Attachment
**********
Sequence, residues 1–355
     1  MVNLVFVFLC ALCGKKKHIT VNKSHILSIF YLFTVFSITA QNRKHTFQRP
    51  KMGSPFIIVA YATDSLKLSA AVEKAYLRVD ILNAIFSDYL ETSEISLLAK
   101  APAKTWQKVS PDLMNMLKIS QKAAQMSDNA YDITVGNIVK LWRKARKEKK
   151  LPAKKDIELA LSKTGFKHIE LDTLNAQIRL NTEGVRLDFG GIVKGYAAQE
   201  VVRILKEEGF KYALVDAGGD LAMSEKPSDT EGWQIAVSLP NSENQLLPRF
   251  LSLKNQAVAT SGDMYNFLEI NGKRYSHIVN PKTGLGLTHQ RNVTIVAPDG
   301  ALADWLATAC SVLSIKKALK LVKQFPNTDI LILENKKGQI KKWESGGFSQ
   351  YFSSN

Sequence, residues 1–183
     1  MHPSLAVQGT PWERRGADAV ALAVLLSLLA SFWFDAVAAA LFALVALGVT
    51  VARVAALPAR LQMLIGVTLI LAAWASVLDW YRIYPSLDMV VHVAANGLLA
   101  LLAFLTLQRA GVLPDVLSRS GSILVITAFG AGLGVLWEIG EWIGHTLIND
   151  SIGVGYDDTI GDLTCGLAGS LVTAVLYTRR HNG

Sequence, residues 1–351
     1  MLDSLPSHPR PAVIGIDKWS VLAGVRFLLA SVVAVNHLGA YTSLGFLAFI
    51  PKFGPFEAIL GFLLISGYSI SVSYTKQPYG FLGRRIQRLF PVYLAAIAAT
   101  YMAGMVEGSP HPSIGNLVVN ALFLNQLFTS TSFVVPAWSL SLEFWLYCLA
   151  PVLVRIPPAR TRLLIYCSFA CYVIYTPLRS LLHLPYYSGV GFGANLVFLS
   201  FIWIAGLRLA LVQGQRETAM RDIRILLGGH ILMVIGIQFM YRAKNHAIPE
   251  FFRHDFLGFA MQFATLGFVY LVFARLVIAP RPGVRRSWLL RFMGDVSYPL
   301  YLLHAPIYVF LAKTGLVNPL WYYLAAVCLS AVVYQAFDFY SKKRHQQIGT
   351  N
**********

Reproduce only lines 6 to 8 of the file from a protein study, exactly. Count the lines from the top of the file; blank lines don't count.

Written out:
   201  VVRILKEEGF KYALVDAGGD LAMSEKPSDT EGWQIAVSLP NSENQLLPRF
   251  LSLKNQAVAT SGDMYNFLEI NGKRYSHIVN PKTGLGLTHQ RNVTIVAPDG
   301  ALADWLATAC SVLSIKKALK LVKQFPNTDI LILENKKGQI KKWESGGFSQ